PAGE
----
The tidal marsh areas and sections of the brackish water ponds provide habitat for the Black-Crowned Night Heron, Killdeer, American Bittern as well as the secretive Clapper Rail. Double-Crested Cormorant are frequently seen here as are Great Blue Heron.
Predominant bird species using these ponds vary depending on current pond salinity and pond depth as well as season of the year. Black-Bellied Plover, American Avocet, Least and Western Dunlin and the Black-Necked Stilt are among the shorebirds one might spot using the ponds. Eared Grebes, Bonaparte's gulls, Wilson's Phalaropes and Forster's Terns also may be observed. Diving ducks, particularly Bufflehead, are often seen resting on the ponds.
Napa River Unit (8,200 acres total)
The southern ponds (Ponds 1 and 1A) of the Napa River Unit of the Napa-Sonoma Marshes Wildlife Area can be viewed from State Hwy. 37 which is located just north of San Pablo Bay. Where the Mare Island Bridge crosses the Napa River travel west 3.5 miles to a parking lot and locked gate on the north side of the highway with an opening provided for pedestrian access. The pedestrian access point in the gate allows foot traffic north to the large metal power transmission towers that bisect the pond. Beyond the power towers to the north is a zone closed to hunting, fishing and trespassing. The remaining portion of the Napa River Unit is to the north of these ponds, between South Slogh and Napa Slough (refer to area map), and is accessible only by boat.
This site marks the south-east corner of the main bay water intake pond. To the east of this levee access road is the former Cullinan Ranch which is slated for restoration by the United States Fish and Wildlife Service. This area is part of the former salt pond system. Historically, all of these areas were tidal marsh. The land to the north of Hwy. 37 was diked originally for hay and grain production. These diked "islands" were flooded by the Leslie Salt Company to a shallow depth for salt production in the early 1950's. Even as salt ponds these areas had value as wildlife habitat. As the restoration of these areas moves forward, it is anticipated that the habitat values will continue to improve not only for bird species but for fish, mammals and crustaceans as well.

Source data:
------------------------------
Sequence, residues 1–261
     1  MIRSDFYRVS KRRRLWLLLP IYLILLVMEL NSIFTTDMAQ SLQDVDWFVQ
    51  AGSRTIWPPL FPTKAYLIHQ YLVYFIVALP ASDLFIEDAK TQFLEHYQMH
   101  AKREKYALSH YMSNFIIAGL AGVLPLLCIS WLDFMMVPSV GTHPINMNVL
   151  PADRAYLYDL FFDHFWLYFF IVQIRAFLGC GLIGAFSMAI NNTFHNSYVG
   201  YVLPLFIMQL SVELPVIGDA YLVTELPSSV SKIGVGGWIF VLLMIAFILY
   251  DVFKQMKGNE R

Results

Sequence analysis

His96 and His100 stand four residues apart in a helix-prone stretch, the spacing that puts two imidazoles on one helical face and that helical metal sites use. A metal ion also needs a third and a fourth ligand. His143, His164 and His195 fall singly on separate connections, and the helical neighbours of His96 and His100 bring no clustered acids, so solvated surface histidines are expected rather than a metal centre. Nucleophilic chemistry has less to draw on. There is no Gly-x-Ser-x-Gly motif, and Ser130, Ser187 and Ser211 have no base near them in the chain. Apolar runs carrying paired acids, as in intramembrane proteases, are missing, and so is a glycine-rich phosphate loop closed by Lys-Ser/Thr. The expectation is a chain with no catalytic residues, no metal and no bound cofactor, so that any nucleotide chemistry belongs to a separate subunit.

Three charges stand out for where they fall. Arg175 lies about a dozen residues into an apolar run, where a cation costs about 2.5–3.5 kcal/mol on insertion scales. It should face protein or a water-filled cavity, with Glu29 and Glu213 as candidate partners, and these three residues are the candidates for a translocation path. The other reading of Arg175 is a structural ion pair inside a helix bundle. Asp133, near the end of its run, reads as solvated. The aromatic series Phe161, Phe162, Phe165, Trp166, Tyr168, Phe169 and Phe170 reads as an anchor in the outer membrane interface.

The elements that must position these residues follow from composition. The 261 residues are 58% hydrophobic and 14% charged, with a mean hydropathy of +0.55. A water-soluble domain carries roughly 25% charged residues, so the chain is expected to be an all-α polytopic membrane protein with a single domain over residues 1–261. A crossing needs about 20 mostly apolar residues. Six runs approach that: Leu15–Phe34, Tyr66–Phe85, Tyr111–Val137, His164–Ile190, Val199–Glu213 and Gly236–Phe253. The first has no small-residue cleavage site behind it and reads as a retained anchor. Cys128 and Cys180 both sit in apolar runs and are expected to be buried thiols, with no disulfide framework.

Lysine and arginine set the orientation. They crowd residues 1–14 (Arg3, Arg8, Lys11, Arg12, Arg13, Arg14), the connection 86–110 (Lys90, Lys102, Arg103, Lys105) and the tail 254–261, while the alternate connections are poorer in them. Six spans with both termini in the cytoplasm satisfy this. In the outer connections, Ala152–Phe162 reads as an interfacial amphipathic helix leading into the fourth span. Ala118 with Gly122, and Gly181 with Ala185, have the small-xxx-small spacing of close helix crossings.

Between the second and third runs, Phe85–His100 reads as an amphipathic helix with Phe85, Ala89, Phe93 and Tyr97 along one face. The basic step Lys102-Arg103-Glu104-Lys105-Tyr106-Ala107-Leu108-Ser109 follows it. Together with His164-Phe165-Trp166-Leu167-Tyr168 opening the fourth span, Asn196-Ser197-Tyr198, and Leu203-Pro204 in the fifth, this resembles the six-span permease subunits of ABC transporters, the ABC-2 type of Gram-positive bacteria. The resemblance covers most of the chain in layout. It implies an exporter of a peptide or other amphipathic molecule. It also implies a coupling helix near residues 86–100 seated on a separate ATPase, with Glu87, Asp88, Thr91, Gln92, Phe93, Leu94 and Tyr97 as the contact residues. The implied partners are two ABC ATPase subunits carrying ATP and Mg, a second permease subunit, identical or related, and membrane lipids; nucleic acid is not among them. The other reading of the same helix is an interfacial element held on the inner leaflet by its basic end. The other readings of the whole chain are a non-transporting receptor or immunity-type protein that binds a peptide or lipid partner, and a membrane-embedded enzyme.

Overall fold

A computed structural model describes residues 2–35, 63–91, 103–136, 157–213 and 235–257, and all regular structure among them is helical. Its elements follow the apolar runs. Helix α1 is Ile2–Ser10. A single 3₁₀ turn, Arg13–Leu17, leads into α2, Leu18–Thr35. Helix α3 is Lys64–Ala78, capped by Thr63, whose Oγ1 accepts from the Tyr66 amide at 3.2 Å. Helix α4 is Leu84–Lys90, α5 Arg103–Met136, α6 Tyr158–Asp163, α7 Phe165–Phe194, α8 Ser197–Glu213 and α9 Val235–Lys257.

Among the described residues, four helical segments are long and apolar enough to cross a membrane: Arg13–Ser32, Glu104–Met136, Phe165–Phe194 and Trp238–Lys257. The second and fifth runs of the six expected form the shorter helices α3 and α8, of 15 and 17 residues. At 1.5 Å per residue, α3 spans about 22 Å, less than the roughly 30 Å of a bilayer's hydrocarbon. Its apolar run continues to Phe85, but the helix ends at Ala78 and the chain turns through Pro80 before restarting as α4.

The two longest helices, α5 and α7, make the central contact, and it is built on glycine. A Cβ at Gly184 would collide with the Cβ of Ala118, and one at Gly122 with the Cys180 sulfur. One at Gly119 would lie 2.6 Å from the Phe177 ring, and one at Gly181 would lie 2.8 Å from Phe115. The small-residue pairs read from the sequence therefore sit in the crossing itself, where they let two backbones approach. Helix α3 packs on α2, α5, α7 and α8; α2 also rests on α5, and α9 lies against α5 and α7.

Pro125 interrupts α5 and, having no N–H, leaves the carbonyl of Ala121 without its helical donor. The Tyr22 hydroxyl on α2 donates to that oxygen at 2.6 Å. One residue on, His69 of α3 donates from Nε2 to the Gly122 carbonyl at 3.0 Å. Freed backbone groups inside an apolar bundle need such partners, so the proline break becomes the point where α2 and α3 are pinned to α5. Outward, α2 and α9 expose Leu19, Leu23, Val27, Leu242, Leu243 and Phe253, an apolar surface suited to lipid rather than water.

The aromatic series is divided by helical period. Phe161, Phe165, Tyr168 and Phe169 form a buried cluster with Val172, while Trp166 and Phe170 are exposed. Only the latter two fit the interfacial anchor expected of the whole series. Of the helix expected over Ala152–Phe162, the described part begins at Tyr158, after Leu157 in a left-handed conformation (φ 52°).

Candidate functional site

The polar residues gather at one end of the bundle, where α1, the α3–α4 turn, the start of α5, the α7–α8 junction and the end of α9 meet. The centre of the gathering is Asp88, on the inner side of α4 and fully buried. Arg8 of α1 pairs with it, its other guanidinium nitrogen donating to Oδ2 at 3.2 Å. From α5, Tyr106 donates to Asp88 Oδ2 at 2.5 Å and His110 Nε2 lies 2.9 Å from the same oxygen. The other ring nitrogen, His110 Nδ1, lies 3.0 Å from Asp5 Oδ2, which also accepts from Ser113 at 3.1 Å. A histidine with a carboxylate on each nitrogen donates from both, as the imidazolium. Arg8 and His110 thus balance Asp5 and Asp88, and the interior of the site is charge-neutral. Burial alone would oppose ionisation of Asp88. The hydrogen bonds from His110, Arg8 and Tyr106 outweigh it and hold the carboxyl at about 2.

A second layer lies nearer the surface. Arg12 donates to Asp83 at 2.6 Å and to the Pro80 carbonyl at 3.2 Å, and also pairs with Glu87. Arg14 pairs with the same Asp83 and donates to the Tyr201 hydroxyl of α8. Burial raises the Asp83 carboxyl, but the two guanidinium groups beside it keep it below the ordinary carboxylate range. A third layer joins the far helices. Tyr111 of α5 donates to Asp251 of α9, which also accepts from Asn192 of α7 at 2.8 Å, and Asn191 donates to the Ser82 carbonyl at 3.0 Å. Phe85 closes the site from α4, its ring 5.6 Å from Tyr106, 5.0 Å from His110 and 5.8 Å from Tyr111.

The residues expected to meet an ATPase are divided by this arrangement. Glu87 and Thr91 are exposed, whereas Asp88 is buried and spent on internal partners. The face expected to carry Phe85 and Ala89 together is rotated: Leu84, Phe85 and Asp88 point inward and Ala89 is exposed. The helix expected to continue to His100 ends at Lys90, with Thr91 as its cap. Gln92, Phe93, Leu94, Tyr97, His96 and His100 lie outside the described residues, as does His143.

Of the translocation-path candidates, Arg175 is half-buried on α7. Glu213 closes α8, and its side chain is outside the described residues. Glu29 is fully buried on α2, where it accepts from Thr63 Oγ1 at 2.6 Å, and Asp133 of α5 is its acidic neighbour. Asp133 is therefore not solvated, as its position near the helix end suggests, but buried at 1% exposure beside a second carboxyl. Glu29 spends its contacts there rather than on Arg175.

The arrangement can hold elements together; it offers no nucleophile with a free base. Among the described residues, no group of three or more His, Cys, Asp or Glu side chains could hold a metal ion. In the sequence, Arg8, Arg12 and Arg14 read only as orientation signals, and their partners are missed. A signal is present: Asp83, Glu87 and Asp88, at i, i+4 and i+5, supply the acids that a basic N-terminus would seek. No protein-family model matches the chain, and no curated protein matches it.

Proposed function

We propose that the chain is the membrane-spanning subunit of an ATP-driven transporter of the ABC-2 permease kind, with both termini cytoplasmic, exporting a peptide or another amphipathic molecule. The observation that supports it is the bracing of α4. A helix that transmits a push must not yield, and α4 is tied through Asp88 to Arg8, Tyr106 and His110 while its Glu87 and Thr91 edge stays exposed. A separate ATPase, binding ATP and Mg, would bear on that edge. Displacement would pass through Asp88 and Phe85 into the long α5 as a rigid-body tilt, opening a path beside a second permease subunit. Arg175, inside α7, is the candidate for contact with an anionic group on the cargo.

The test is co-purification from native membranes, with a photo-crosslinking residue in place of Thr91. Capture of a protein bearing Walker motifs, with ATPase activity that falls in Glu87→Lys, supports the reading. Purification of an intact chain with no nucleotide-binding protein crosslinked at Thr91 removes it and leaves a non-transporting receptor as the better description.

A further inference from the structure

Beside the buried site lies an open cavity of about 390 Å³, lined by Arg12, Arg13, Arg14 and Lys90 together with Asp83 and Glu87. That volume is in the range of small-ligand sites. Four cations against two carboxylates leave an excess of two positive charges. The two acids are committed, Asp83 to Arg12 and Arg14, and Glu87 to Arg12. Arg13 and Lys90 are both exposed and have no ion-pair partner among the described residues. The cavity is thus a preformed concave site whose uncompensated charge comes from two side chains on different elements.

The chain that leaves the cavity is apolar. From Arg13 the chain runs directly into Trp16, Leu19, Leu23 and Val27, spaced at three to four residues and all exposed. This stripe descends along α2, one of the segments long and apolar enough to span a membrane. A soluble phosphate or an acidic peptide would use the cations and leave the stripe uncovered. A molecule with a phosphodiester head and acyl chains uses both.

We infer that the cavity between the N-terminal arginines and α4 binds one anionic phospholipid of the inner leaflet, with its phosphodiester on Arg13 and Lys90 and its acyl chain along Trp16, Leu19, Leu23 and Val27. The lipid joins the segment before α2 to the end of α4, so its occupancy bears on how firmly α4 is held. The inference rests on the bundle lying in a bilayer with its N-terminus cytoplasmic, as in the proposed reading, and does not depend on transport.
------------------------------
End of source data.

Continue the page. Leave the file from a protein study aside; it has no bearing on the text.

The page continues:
The bay water intake pond to the west of this levee accessroad is typically shallow and within the range of salinity of San Pablo Bay. Dowitcher, Western Sandpiper and American Avocet can be seen on this pond as well as the White Pelican. Although both dabbling and diving ducks use this pond due to it's relatively low salinity, primarily divers, most notably Canvasback and Scaup can be seen in large numbers from late December through February.
Ringstrom Bay Unit (396 acres)
The Ringstrom Bay Unit of the Napa-Sonoma Marshes Wildlife Area can be viewed from Ramal Road. From State Hwy. 12/121 take Ramal Road south. Travel approximately 5 miles where you will see a large hay barn to your right, turn here. The first lot you enter is the parking lot, owned by the Sonoma County Water Agency which maintains the Hudeman Slough mitigation and enhancement wetlands. You can access Ringstrom Bay by following the posted signs at the kiosk.
This site marks the northern edge of the Napa-Sonoma Marshes property. The California Department of Fish and Wildlife assists the Sonoma County Water Agency with resource management, oriented toward improved methods of using reclaimed water to benefit wildlife.
One can view ducks such as Mallard and Teal, various raptors including Red-tailed Hawks, American Kestrels, and Golden Eagles. River otters and beavers have also been seen using this area.
Wingo Unit (783 acres)